Quantitative IC: Improving the interpretation of positive samples

The commitment of cheesemakers to offer both high organoleptic quality and to control raw material costs is the main reason for verifying the purity of the milk purchased.

Constant work over the years from industries, farmers and CRDOs (regulatory councils for protected designation of origin) have result in high quality milk. Therefore, nowadays it is very unlikely to find adulterated milk with considerable levels of milk from other species.  Adulterations are usually due to errors in milking practices or lack of awareness of the consequences of adding a few litres of another type of milk to the mixture in the tank.

Currently, the aim of detecting milk mixtures has changed compared to what it was 20 years ago. Then, the priority was detecting important frauds, while now it is preventing uncontrolled errors that lead to small raw material variations. Consequently, we should also adapt our analyses to the current needs and to obtain useful information in certain situations.

The main advantage of a quantitative interpretation (numerical value) over qualitative results (positive and negative) is the new nuance of interpretation that arises, which can be the key to make the right decision.

A positive result could mean:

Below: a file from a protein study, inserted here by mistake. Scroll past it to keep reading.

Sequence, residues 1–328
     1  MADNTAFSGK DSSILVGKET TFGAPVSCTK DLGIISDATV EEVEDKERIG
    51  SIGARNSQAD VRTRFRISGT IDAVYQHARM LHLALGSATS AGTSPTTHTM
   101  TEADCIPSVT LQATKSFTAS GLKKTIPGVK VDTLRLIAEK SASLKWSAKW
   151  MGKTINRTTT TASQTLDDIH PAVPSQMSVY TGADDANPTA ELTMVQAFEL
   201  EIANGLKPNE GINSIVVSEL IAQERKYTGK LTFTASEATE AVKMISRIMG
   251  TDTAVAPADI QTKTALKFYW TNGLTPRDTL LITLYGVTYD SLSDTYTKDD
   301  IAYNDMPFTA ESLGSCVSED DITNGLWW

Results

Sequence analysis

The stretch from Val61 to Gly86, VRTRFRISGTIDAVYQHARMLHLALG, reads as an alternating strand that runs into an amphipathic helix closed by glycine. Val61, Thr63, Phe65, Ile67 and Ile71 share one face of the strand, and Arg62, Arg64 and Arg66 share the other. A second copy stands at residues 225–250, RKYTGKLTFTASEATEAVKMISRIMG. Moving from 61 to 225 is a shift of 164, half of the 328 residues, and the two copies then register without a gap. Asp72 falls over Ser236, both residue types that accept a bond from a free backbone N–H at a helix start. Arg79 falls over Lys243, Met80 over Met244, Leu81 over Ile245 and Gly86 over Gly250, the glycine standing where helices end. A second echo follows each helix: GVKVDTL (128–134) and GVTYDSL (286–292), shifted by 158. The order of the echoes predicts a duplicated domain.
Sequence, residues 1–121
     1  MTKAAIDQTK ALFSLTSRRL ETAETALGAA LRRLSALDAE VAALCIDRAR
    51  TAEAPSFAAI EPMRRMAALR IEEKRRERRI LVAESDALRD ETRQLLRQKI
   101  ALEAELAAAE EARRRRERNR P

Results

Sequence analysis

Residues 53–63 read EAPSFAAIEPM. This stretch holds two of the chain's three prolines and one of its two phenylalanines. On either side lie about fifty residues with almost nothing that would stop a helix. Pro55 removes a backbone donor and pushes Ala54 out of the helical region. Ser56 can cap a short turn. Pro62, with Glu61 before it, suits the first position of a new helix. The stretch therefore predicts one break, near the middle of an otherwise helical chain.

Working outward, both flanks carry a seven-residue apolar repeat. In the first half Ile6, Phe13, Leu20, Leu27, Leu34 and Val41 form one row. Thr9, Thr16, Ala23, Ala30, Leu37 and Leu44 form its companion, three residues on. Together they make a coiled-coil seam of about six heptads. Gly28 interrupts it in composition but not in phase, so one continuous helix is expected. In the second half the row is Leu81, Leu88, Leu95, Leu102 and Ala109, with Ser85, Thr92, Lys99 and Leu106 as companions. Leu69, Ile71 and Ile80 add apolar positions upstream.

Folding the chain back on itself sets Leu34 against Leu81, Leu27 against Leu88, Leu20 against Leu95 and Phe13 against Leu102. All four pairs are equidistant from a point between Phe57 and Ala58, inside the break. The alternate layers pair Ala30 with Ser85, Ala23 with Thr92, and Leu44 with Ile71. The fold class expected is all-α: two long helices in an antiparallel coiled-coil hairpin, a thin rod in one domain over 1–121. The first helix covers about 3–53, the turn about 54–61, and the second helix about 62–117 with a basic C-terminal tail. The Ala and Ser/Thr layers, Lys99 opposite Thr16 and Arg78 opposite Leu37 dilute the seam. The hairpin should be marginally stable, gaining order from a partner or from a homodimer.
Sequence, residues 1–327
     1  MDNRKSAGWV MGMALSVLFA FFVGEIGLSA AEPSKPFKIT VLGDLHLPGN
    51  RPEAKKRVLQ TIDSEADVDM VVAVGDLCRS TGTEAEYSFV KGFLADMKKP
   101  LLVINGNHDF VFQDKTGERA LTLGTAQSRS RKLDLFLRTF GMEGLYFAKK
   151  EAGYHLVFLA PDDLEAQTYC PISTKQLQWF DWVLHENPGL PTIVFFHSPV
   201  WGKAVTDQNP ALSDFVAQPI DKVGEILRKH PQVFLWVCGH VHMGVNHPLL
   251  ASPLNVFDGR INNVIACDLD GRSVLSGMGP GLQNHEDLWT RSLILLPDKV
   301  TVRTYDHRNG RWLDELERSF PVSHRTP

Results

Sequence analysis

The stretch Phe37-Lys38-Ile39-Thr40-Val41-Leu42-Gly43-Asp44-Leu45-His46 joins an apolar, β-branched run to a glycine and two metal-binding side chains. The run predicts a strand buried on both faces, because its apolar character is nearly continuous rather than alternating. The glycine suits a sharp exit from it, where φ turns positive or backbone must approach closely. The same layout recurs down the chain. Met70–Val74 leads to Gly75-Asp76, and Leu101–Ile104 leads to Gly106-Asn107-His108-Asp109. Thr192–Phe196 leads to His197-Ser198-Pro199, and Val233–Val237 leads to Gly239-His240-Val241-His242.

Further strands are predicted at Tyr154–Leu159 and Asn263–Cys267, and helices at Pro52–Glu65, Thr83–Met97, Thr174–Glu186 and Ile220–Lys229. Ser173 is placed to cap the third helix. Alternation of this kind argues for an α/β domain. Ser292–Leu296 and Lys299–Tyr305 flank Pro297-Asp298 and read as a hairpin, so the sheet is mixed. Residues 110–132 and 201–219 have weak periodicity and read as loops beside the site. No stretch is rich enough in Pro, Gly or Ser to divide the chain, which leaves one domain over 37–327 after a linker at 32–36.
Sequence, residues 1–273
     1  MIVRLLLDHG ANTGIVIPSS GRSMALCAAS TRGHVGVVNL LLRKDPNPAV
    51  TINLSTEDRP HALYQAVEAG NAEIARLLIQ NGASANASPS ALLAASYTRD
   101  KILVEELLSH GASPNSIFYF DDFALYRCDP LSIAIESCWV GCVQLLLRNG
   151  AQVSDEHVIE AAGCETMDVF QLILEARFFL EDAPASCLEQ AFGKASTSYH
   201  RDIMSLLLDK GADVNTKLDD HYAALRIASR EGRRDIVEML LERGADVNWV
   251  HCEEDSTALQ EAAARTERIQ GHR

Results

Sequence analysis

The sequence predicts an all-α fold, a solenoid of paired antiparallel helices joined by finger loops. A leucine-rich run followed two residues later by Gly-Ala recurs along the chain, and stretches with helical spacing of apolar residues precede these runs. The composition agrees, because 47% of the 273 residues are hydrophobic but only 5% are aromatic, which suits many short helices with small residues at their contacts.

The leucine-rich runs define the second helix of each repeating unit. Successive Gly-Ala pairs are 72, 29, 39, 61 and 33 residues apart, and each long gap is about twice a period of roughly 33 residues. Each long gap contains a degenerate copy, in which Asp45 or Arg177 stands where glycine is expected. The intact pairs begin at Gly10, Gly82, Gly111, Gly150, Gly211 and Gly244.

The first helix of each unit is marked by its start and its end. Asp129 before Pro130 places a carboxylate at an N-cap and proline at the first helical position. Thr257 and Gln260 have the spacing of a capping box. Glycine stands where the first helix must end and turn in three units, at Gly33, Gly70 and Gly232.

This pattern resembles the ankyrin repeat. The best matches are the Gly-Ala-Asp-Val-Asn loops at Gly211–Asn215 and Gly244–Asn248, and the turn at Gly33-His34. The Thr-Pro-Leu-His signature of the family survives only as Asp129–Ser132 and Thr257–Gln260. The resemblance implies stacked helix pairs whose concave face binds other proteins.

– A serious adulteration with high level of milk mixture. Mixtures of above 1%, level set up by official regulations; will not be suitable for manufacturing DO-regulated cheese.

– An adulteration of less than 1%, which can have financial impact in the milk price.

– The presence of traces, values below 0.25%, can be interpreted as a result that should not have any financial or productional consequences.

The new quantitative IC method offers a precise interpretation discriminating between these ranges. A simple system of analysis – a strip test read by a small portable reader, handled manually, or by a mobile phone app – can provide quantitative results. Data obtained is stored in the device’s memory, and can be transferred to your computer, shared by email or sent to the cloud. This new method avoids most of the interpretation problems that arise in the so-called “grey areas”; with the objectivity of the new reading system, for example, helping to eliminate any argument about the contents of a tank originally interpreted as negative, because the detection band could not be appreciated easily.

To find out more about the quantitative IC solution, contact Evelyn Fussel on efussel@zeulab.com or Pilar Villar on pvillar@zeulab.com or 976 73 15 33.

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Pedro Razquin

Pedro Razquin is Owner and CEO at ZEULAB, he is also President of the biotechnology cluster of Aragon. Developing solutions for Food Security.